Will Vols Season Tickets Put Us Into Debt?

by Kevin on July 13, 2008

My wife is incredible. This is a woman that several years ago knew nothing about football. She didn’t know the penalties, the plays, or anything like that. She’s a loving woman, and I’m a lucky man, because she would still watch football games with me on the weekends.

Over time she started picking up on things here and there. Then this past year she surprised me by buying, “Get Your Own Damn Beer, I’m Watching the Game!: A Woman’s Guide to Loving Pro Football” — a book by Holly Robinson Peete (actress) who is married to an NFL player. Obviously written from a woman’s perspective, the book aims to educate the reader on football in general.

Like I said, my wife is incredible and she’s learning a lot about football. (And I’ll be glad to explain the differences between the NFL and college football!)

She’s taken it a step further

Tennessee Volunteers

Last week she told me she had planned to surprise me with a trip to a University of Tennessee Vols football game. For the uninformed, I am an absolutely huge fan of the Vols as I grew up in east Tennessee. She wanted to take me to the Alabama game since we live in Alabama, they beat us last year, and we get a lot of crap about it.

Unfortunately, she is still learning the difficulties of getting tickets for such a big event like a huge rivalry game (and I am as well).

Tickets for season ticket holders went on sale March 1st, and to the general public on June 9th. I’m not sure if they even listed the Florida and Alabama games to the public. Either way, those tickets are long gone and no longer available from the University. We could buy tickets to one of the lesser known games (UAB, Wyoming, etc.), but even then the ones available through the University are in the top of the upper level, toward the back. Nosebleed section.

What to do?

We have three options for tickets to the UT/UA game

Our goal is to go to the game against Alabama. We have two options:

  1. buy tickets from someone else (season ticket holder, online)
  2. drive up for the game and hope the scalpers have real tickets at a reasonable price
  3. buy season tickets

Option 1 is risky as you don’t know who you are buying from. Additionally the prices can be sky high. E-Bay feedback only goes so far in making me feel “okay” about buying tickets online. The prices we are seeing range from $200 to $400 for a set of decent tickets. Ouch.

Option 2 is not really an option. The drive to Knoxville is about 5 hours one way for us. I’m not going to burn $85 in gas round trip on the hopes that we can find decent (real not fake) tickets at a decent price from someone on the street.

Option 3 is to buy season tickets. However, there are two types of season tickets — renewable and non-renewable. Renewable tickets mean you donate a minimum of $500 to the Volunteer Athletic Scholarship Fund (plus cost of tickets) and you are going to get the same seats next year, the year after, and the year after…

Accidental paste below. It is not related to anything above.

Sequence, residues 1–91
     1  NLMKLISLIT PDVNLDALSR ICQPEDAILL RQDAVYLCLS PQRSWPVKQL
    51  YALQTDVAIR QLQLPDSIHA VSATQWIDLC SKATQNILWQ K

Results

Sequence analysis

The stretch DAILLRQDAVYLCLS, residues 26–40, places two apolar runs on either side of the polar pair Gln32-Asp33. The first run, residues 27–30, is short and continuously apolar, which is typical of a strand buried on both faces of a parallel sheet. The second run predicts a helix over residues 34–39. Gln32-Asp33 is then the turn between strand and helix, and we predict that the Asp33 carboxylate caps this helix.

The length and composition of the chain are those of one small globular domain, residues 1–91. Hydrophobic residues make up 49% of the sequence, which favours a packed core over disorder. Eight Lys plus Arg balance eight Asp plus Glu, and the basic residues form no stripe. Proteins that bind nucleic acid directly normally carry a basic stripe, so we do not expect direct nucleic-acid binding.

Non-renewable, as you might expect, are the opposite. You donate a lesser amount ($250), get tickets to all 7 home games ($630 per pair), but don’t get to keep your seats next year.

Is $880 for non-renewable seats worth it?

It depends on your perspective. We are not in debt. We are cash flow positive every month. This is a treat for both of us. This is where the personal finance mentality kicks in. If we were in debt (other than our mortgage) we would not be going to any football games. We would be paying off debt. But I’m a big believer in the phrase “don’t forget to live”, and this is a big treat. You always hear there is nothing like being at your team’s stadium when they play a big rival. I plan to experience it at least once.

Yet $880 is a lot of money for tickets to 7 games. We definitely wouldn’t go to seven home games. Again, our goal is to go to one game: Alabama. So why buy 7 games to really go to 1?

As always, I’m looking for any way to make this as cheap of an option as possible. I want to go to the game, but I really don’t think we’re going to spend $300 on tickets to do so. If we can buy tickets to 7 games and sell six of them (including one other big game: Florida) we might be able to not only go to the game very inexpensively — but we might turn a profit!

I’m not counting on turning a profit, but I think we can get “our cost” for Alabama tickets really low — like $50 total. Compared to $300 or $400 buying them from someone else that seems like a fantastic deal.

We’re doing our research on eBay

eBay is a great research tool. I am currently watching one seller who is selling 7 sets of tickets in individual auctions (one auction per game). We’ll see what the price comes out to be as the auctions end tomorrow. Granted, we shouldn’t make our purchase decision off of one set of tickets being sold… but it would be a baseline. If they all go over face value we are definitely “in” for season tickets.

I’ll keep you all updated. And sometime this coming week I’m going to talk about the cost of sporting events. I don’t think you’ll want to miss it!

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